The drought continues

The top picture was taken a year ago by one of our guests, John Tschopp from Canada. It is the view across the nearby plains of Belén to the Gredos mountains, about a hundred kilometres away. They rise to almost 2,600 metres and form the northern boundary of Extremadura. It shows the mountains as they normally would appear in March, covered in snow. The lower picture is the same view taken this March. The difference is striking. The mountains bear testament to the fact that we are in a long drought which has lasted all winter and is now pushing its way into spring too. The foreground in both pictures tells the same story. The upper picture shows green pasture, in the lower the field is parched. There is no sign of rain on its way and now the unusually bitterly cold temperatures of early February have been replaced by temperatures more suited to late April. The ground is like dust and very few flowers have managed to show an appearance. In my vegetable garden, the broad beans are a sorry sight, the rows broken by big gaps where plants have withered. I have planted lettuce and Swiss chard and am watering them furiously. Everyone has the same story and are equally worried. Livestock farmers face having to buy more feed at prices that will rocket. Farmers depending on rain for their spring crops are desperate. This will mean a higher cost of living, hurting an already fragile economy.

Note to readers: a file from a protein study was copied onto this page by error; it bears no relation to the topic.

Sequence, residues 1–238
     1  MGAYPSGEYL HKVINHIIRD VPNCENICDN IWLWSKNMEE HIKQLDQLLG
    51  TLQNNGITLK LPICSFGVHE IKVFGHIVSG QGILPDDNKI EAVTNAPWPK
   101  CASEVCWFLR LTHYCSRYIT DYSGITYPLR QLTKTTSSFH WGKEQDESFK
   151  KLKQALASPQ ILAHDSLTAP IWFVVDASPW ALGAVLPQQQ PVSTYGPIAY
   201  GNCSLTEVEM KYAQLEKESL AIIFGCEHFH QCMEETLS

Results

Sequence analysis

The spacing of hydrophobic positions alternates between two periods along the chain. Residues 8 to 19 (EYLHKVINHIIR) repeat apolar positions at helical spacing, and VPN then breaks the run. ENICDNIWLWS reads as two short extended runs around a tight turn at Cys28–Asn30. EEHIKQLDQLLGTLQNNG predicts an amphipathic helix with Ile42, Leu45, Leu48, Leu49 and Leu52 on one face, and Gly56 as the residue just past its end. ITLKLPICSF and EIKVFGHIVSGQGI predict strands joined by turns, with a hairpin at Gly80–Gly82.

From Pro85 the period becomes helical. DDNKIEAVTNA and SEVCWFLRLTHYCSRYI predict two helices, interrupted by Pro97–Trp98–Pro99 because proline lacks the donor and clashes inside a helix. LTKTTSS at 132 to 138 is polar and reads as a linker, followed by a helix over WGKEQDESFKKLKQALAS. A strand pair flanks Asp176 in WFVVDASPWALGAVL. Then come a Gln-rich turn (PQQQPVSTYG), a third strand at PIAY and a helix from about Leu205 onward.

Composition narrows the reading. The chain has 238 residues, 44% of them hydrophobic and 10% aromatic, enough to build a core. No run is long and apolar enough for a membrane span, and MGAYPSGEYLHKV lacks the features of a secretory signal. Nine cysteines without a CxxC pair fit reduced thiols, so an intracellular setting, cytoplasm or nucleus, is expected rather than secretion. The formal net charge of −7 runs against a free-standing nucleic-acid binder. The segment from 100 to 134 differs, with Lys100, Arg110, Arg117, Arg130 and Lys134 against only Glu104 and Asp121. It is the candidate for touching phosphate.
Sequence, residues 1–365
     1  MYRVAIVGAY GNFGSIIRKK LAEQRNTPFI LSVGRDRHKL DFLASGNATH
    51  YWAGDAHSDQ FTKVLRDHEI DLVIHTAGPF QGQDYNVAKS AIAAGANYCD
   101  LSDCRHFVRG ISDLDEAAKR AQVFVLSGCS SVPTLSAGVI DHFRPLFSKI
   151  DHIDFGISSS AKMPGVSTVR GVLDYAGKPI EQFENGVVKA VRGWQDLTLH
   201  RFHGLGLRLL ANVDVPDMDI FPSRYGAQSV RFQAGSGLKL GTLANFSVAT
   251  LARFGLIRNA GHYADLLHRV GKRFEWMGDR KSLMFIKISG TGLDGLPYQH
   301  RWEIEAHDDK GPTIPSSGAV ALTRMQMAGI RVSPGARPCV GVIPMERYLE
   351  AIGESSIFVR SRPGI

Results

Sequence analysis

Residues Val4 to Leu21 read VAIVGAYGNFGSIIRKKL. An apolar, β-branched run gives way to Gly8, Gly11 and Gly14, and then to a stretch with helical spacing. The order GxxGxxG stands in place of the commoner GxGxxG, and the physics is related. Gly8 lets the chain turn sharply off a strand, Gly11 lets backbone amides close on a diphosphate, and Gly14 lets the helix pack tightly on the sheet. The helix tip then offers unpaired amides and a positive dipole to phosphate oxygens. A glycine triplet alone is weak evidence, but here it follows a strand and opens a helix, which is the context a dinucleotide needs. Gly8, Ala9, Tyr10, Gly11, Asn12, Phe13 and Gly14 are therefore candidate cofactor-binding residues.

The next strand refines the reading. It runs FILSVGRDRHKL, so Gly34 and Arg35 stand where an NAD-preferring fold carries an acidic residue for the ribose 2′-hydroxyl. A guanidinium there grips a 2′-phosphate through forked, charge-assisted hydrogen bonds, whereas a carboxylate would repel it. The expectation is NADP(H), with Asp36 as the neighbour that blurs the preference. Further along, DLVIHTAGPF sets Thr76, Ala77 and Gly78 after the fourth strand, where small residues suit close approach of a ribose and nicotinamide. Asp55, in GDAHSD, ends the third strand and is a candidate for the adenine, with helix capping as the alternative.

It is not good news for the birds either. Breeding success depends a lot on the amount of primary productivity, i.e. how much the plants will grow. On that depends the number of insects and other herbivores. On these many birds will depend. We have enjoyed two wonderfully productive springs over the last two years. For many birds one poor spring can be overcome: long-lived birds will experience good times and bad, so that single bad episodes may not be significant during a lifetime, small birds have fewer chances, but their populations can often bounce back after a setback. However, there are some species that we are particualrly worried about. Little Bustard is one. Unlike many birds in Extremadura, its population has been declining very sharply over the last decade or so. We know that dry springs can reduce their breeding success enormously because of the absence of food for chicks. To an already highly vulnerable population, such setbacks can be very serious indeed. We are all hoping for rain.

I drove back home across the plains, feeling troubled and helpless. My mood lifted somewhat by the sight close to the road of a party of proud male Great Bustards, which took to the wing in their powerful, stately fashion. From a nearby pile of stones a movement caught my eye and for a moment we looked at each other. It felt like just the two of us. Little Owl and me.


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